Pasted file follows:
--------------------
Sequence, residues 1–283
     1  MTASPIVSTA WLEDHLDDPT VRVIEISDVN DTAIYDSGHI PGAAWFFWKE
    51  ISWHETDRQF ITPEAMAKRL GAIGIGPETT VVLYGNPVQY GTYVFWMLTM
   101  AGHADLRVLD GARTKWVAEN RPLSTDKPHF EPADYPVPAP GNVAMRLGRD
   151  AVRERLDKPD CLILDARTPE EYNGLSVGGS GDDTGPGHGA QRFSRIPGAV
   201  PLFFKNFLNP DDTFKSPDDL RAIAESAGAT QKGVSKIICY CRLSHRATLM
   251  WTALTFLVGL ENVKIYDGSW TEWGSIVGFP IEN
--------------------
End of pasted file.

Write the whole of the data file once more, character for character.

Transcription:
Sequence, residues 1–283
     1  MTASPIVSTA WLEDHLDDPT VRVIEISDVN DTAIYDSGHI PGAAWFFWKE
    51  ISWHETDRQF ITPEAMAKRL GAIGIGPETT VVLYGNPVQY GTYVFWMLTM
   101  AGHADLRVLD GARTKWVAEN RPLSTDKPHF EPADYPVPAP GNVAMRLGRD
   151  AVRERLDKPD CLILDARTPE EYNGLSVGGS GDDTGPGHGA QRFSRIPGAV
   201  PLFFKNFLNP DDTFKSPDDL RAIAESAGAT QKGVSKIICY CRLSHRATLM
   251  WTALTFLVGL ENVKIYDGSW TEWGSIVGFP IEN